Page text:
Settling in to watch the University of Virginia men’s basketball team take on the University of Pittsburgh Saturday, alumnus Cory Paradis saw something that took his breath away.
Paradis, who graduated from UVA’s School of Architecture in May, was born with cerebral palsy and has been in a wheelchair most of his life. Throughout his time on Grounds, he was a committed advocate for accessibility. Among other activities, he served on the University’s Barrier-Free Access Committee, working with administrators, faculty members and students to push for permanent wheelchair ramps on the Lawn.
On Saturday, cameras panning over the Lawn caught one of those new ramps, completed and opened last week.
“It hit me then that every time they show that image, from here on out, everyone watching will see that ramp,” said Paradis, who now works as a design project coordinator for UVA’s Facilities Management Department. (Read more about Paradis in our feature on 2018 graduates.)
“Even though the average person may not know the story behind it, knowing that I played a small part in making it happen is pretty awesome,” he said. “The team that made this happen has been added to the history of the University of Virginia.”
The two permanent ramps, located on either side of the Lawn adjacent to Pavilions V and IX, allow students, faculty members, staff and visitors with mobility issues significantly greater access to the four terraced levels of the Lawn. Previously, only the uppermost and lowermost terraces of the Lawn were accessible by ramp, with well-worn stone stairs limiting access to the full space in between.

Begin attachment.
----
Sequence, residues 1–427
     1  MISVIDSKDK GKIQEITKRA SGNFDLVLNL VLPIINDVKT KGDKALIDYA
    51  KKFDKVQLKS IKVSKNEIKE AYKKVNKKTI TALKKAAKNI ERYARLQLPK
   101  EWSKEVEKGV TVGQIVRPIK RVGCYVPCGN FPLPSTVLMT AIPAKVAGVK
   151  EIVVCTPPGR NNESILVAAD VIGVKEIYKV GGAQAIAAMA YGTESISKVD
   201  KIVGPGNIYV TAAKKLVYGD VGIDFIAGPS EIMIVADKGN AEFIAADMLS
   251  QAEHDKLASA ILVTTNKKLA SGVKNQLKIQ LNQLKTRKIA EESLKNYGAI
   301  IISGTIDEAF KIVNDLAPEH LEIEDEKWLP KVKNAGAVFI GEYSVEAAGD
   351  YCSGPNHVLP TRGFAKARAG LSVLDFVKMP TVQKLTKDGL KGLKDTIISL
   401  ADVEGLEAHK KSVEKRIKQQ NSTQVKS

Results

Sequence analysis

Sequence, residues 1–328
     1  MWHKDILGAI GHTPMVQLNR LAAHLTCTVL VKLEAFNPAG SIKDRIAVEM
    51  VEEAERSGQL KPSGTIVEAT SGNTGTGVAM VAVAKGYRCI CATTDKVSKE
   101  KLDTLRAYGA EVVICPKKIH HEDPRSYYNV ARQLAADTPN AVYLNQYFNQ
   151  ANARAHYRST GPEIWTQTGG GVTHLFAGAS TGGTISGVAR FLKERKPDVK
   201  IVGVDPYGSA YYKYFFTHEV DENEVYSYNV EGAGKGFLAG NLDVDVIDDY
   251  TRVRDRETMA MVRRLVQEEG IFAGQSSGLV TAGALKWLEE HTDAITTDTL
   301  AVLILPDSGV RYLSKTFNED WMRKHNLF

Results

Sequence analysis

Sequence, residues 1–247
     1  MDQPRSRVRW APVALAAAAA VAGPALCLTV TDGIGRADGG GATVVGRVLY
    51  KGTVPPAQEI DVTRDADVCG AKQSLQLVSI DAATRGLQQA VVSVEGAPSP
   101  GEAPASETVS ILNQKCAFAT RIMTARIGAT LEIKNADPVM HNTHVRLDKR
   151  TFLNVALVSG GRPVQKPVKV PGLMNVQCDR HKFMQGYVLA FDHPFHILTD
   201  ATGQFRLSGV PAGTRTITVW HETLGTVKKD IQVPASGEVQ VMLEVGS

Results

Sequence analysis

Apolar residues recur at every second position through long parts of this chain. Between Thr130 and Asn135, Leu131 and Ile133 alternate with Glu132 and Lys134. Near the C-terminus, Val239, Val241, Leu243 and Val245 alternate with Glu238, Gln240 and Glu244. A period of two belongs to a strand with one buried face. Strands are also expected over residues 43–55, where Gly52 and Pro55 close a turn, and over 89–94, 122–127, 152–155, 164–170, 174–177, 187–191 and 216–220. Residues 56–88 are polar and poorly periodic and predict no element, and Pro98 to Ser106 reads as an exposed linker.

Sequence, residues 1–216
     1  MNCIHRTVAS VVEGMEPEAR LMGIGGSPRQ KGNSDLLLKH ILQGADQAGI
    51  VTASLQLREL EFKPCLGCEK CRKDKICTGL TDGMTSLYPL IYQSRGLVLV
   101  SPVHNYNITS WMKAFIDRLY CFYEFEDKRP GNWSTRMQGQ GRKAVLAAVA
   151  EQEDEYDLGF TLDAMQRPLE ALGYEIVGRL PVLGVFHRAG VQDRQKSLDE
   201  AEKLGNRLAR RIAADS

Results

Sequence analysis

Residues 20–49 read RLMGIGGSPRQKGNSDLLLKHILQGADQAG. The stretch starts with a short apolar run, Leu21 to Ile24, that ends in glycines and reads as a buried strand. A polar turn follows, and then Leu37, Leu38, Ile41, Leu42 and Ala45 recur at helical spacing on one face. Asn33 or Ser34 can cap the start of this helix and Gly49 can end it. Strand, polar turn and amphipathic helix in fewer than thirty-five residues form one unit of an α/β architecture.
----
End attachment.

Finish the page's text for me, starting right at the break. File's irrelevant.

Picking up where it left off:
The ramps are set into sloping banks between terraces, and were designed with the same custom brick blend used for wall repairs in the Academical Village buildings, in order to preserve the look and feel of the UNESCO World Heritage Site.
“This project is an excellent example of the ‘village’ of UVA staff working together,” said Associate Provost for Academic Support and Classroom Management M. Wynne Stuart, who chairs the Barrier-Free Access Committee.
She cited contributions from Alice Raucher, the architect for the University, and her team; Senior Vice President for Operations Colette Sheehy and her team; and the Facilities Management team that worked diligently through several weather delays to complete the project.
“The Facilities Management team worked very hard throughout the construction process to get everything exactly right, and everyone has been very committed to this project from the moment we started,” Stuart said. “Our whole committee is very happy to see this accomplishment in UVA’s progress toward inclusion and equity.”
Paradis said he was particularly excited to see the addition of permanent ramps on a historic site like the Lawn. He hopes it could set a significant precedent for other historic sites and attractions.
“If this can happen on a UNESCO World Heritage site, I would say the standard excuse of ‘We can’t make this accessible because it is too historic,’ is no longer valid,” he said. “This is a huge accomplishment by all involved, a huge step forward for ADA access on Grounds and something I am honored to be a part of.”